Of all the knots I have known and loved, one of my very favorites is the riggers' bend. Or rigger's bend, or Hunter's bend (named after one of its inventors). It forms an elegant, compact knot, in its general theme resembling the alpine butterfly: Paired strands wind through two tightly interlaced overhand knots (much more tightly interlaced than in the fisherman's knot) to emerge practically at right angles. However, as a bend rather than a mid-line loop knot, it gives you more freedom in the tying, and this freedom is put to work by making it more symmetrical: The running ends come out opposite sides, instead of emerging parallel from one side as they must with the butterfly.

Right then. For the 99% of the human race who are not total knot wonks,
does any of the above have any significance, or was I right to skim it?

One thing. The standing ends coming out straight is an excellent thing, because otherwise they'd have to bend sharply to get into and out of the knot, and that's how knots weaken rope.

That being the case, I think I'd like to learn it.
How is this wonder knot brought about?
Tell me it isn't long and complicated.

It isn't long and complicated. You can form the knot in three steps. Possibly three awkward steps to begin with, but soon three elegant steps. Practice, you'll get there. First, take the running ends round each other, like so:
_______________  _______
.............. \/       | running
_____________ ./   _____| end
standing end \/   /
             /   /\
            /   /. \
           /   /\ . \
          |   /  \ . |
          |   \  / . |
           \   \/ . /
            \  / . /
             \/ . / standing end
         ____/ . /\_____________
running |...... /               ~~
    end |______/\_______________~~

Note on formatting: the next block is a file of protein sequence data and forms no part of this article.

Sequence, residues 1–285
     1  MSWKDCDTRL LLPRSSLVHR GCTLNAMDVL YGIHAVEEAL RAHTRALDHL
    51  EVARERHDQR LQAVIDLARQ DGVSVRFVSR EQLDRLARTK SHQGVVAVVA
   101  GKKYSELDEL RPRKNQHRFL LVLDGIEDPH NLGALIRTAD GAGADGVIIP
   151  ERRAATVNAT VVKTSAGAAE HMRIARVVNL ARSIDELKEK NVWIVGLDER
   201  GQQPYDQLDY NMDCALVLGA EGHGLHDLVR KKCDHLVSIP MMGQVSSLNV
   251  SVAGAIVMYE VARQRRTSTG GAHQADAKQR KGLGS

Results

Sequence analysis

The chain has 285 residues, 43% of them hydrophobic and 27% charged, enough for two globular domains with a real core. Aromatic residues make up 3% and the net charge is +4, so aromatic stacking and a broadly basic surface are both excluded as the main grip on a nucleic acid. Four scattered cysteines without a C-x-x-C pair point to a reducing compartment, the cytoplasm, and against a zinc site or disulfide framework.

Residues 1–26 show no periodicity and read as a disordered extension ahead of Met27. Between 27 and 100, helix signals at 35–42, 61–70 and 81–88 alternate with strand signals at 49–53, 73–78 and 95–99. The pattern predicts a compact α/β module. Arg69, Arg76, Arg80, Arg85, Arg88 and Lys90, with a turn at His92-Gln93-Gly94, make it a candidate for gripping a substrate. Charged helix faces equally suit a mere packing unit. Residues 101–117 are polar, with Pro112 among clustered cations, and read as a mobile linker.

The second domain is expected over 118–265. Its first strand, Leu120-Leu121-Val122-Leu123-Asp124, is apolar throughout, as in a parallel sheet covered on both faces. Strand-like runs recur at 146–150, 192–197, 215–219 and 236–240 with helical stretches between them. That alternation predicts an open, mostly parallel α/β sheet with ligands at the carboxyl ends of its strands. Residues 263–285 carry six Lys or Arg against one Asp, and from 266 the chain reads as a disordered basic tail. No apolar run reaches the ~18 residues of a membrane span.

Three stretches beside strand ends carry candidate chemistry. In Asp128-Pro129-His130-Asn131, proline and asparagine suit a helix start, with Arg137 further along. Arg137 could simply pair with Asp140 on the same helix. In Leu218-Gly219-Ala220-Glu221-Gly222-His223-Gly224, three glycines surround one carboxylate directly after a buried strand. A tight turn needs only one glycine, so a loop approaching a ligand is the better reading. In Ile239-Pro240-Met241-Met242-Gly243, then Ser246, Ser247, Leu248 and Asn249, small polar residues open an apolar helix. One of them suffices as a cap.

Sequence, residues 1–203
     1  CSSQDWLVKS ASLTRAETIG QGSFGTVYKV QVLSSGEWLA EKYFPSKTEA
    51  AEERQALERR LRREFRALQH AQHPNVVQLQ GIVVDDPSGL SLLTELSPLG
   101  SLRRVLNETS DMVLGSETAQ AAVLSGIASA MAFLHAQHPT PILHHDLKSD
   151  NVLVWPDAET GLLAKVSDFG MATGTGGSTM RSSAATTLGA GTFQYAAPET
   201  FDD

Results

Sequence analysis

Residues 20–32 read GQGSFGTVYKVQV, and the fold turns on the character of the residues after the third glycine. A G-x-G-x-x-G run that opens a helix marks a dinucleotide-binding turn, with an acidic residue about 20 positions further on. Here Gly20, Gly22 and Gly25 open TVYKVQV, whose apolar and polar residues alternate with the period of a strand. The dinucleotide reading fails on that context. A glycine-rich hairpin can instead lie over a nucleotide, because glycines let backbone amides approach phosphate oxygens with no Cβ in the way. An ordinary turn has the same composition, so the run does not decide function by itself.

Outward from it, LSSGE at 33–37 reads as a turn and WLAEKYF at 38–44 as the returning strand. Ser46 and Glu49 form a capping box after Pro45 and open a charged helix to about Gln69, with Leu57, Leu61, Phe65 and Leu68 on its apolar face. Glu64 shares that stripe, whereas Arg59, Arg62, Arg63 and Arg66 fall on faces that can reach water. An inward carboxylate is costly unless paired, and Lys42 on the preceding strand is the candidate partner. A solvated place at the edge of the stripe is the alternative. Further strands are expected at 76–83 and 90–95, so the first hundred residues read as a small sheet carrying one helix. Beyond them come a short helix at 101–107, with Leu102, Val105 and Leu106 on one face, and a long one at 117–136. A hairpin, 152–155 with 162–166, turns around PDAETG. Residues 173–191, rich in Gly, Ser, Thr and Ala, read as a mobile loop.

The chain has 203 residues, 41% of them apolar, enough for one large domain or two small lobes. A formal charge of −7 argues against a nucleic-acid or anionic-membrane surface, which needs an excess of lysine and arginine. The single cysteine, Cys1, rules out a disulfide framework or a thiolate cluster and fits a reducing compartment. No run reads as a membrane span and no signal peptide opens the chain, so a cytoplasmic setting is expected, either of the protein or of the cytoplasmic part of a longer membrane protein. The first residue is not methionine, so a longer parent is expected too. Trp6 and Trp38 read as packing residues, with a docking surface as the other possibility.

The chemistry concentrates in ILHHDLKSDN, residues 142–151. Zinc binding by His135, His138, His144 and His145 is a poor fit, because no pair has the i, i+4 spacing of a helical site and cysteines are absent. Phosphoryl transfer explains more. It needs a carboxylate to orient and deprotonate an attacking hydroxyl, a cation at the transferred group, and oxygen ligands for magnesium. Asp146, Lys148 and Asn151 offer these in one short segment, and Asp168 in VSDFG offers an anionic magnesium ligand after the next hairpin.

I have drawn short running ends for clarity. You should be sure to pull at least a few inches through, so as to have wherewith to finish the knot. Second, bring each running end back round and under its own standing end:
            ___
           / . /
          / . /
_________/___/_  ______
.............. \/      \ 
_____________ ./   __   \
      / . /  \/   /  \   \
     / . /   /   /\   \   \
    / . /   /   /. \   \   \
    |. |   /   /\ . \   |  |
    |. |  |   /  \ . |  |  |
    |. |  |   \  / . |  |  |
    |. |   \   \/ . /   |  |
    \ . \   \  / . /   /   /
     \ . \   \/ . /   /   /
      \ . \__/ . /\__/___/______
       \ ...... /               ~~
        \______/\_______________~~
                  /   /
                 /   /
                /___/
The third step's easiest to explain in two parts. Step 3a is to lift two strands to form an arch over the rest of the knot. Step 3b is just to take the two running ends through it. First, the arch:
            ___
           / . /
          / . /
_________/___/_  ______
.............. \/      \ 
_____________ ./   __   \
      / . /  \/   /  \   \ grasp
     / . /   /   /\   \   \ here
    / . /   /   /. \   \ X \
    |. |   /   /\ . \   |  |
    |. |  |   /  \ . |  |  |
    |. |  |   \  / . |  |  |
    |. |   \   \/ . /   |  |
and \ X \   \  / . /   /   /
here \ . \   \/ . /   /   /
      \ . \__/ . /\__/___/______
       \ ...... /               ~~
        \______/\_______________~~
                  /   /
                 /   /
                /___/